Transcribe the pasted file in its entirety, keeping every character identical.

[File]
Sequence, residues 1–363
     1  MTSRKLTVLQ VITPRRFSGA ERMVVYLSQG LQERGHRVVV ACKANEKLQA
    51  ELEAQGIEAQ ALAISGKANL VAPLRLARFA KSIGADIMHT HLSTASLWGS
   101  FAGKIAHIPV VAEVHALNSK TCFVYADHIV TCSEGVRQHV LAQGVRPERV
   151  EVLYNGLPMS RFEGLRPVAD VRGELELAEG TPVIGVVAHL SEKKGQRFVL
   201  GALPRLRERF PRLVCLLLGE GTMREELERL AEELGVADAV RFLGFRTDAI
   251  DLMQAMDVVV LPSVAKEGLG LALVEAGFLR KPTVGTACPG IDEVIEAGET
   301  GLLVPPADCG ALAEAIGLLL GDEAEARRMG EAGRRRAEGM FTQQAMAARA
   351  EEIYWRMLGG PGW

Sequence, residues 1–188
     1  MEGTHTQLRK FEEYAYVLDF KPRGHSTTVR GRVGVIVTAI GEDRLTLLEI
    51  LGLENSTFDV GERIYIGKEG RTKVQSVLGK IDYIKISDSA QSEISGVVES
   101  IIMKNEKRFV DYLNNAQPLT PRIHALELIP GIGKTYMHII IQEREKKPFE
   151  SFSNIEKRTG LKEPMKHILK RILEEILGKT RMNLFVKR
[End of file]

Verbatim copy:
Sequence, residues 1–363
     1  MTSRKLTVLQ VITPRRFSGA ERMVVYLSQG LQERGHRVVV ACKANEKLQA
    51  ELEAQGIEAQ ALAISGKANL VAPLRLARFA KSIGADIMHT HLSTASLWGS
   101  FAGKIAHIPV VAEVHALNSK TCFVYADHIV TCSEGVRQHV LAQGVRPERV
   151  EVLYNGLPMS RFEGLRPVAD VRGELELAEG TPVIGVVAHL SEKKGQRFVL
   201  GALPRLRERF PRLVCLLLGE GTMREELERL AEELGVADAV RFLGFRTDAI
   251  DLMQAMDVVV LPSVAKEGLG LALVEAGFLR KPTVGTACPG IDEVIEAGET
   301  GLLVPPADCG ALAEAIGLLL GDEAEARRMG EAGRRRAEGM FTQQAMAARA
   351  EEIYWRMLGG PGW

Sequence, residues 1–188
     1  MEGTHTQLRK FEEYAYVLDF KPRGHSTTVR GRVGVIVTAI GEDRLTLLEI
    51  LGLENSTFDV GERIYIGKEG RTKVQSVLGK IDYIKISDSA QSEISGVVES
   101  IIMKNEKRFV DYLNNAQPLT PRIHALELIP GIGKTYMHII IQEREKKPFE
   151  SFSNIEKRTG LKEPMKHILK RILEEILGKT RMNLFVKR